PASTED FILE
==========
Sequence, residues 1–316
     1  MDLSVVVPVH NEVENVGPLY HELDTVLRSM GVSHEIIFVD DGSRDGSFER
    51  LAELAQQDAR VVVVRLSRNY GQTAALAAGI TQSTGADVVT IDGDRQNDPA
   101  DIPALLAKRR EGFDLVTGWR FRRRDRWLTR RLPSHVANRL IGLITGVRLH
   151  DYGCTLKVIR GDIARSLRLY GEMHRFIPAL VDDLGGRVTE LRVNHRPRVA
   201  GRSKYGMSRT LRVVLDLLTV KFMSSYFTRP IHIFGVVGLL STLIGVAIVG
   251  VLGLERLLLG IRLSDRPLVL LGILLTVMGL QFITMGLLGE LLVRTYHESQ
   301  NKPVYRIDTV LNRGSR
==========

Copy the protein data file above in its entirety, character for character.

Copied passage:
Sequence, residues 1–316
     1  MDLSVVVPVH NEVENVGPLY HELDTVLRSM GVSHEIIFVD DGSRDGSFER
    51  LAELAQQDAR VVVVRLSRNY GQTAALAAGI TQSTGADVVT IDGDRQNDPA
   101  DIPALLAKRR EGFDLVTGWR FRRRDRWLTR RLPSHVANRL IGLITGVRLH
   151  DYGCTLKVIR GDIARSLRLY GEMHRFIPAL VDDLGGRVTE LRVNHRPRVA
   201  GRSKYGMSRT LRVVLDLLTV KFMSSYFTRP IHIFGVVGLL STLIGVAIVG
   251  VLGLERLLLG IRLSDRPLVL LGILLTVMGL QFITMGLLGE LLVRTYHESQ
   301  NKPVYRIDTV LNRGSR